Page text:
The Chrysler Building is the shining star of Manhattan's skyline. Illuminated after dark, its radiant stainless steel spire glitters like a jeweled tiara. Exterior details – many inspired ty the design elements of Chrysler automobiles of the 1920s – resemble radiator caps, wheel hubs, and hood ornaments, as well as eagles, sunbursts, and gargoyles. Yet the crowning glory of this iconic tower is actually at street level, inside the surprisingly triangular, and most elaborate lobby in the entire city.
This Art Deco palace, on the city's 42nd Street, is the embodiment of the American rapid industrialization, emerging new technologies, and faith in social progress.
Edward Turnbull's massive mural on the lobby's ceiling (one of the world's largest paintings) is titled 'Energy, Result, Workmanship, and Transportation.'
Crane your neck, walk slowly beneath to examine its planes, trains, ocean liners, machines, and teams of workers – with faces of actual tradesmen who built the skyscraper.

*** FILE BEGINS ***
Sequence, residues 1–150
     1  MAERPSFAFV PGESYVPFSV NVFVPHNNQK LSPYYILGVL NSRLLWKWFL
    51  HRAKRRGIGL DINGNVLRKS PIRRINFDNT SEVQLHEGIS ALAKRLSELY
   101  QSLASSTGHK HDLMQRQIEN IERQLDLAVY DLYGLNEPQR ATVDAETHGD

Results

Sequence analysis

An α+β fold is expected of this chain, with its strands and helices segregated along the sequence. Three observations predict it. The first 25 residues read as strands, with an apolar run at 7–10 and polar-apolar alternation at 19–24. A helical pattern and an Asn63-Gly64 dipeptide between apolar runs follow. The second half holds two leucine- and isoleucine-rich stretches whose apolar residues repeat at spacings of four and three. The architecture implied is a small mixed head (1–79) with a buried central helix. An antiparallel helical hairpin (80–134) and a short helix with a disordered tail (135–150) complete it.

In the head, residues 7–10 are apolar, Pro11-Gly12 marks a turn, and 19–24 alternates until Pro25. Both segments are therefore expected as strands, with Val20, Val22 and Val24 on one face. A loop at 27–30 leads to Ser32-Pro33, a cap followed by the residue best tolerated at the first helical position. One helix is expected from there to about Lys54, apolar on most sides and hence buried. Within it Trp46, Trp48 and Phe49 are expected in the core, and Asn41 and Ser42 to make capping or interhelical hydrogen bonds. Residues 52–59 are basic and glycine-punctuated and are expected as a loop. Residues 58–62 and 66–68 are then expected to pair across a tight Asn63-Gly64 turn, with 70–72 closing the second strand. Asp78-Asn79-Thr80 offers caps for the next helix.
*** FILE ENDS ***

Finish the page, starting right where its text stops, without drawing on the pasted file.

The lobby's mesmerizing interior orchestrates a symphony of swirling colors, geometric shapes, smooth, shiny surfaces, and exotic materials – red African marble walls, yellow Siena marble floor, blue marble and amber onyx trim.
Peek into one of the four elevator banks. The doors of each of the thirty-two elevators are unforgettable masterpieces of inlaid wood marquetry, employing rare varieties of wood to give a spectacular Deco spin to Egyptian lotus-flower motifs.
When it opened in 1930, the Chrysler Building was the tallest structure in the world for a few months. Soon it was eclipsed by the Empire State Building. But its lofty ambitions, social message, heroism, and roll-up-your-sleeves optimism are grounded to this day in one of New York's precious treasures: its lobby.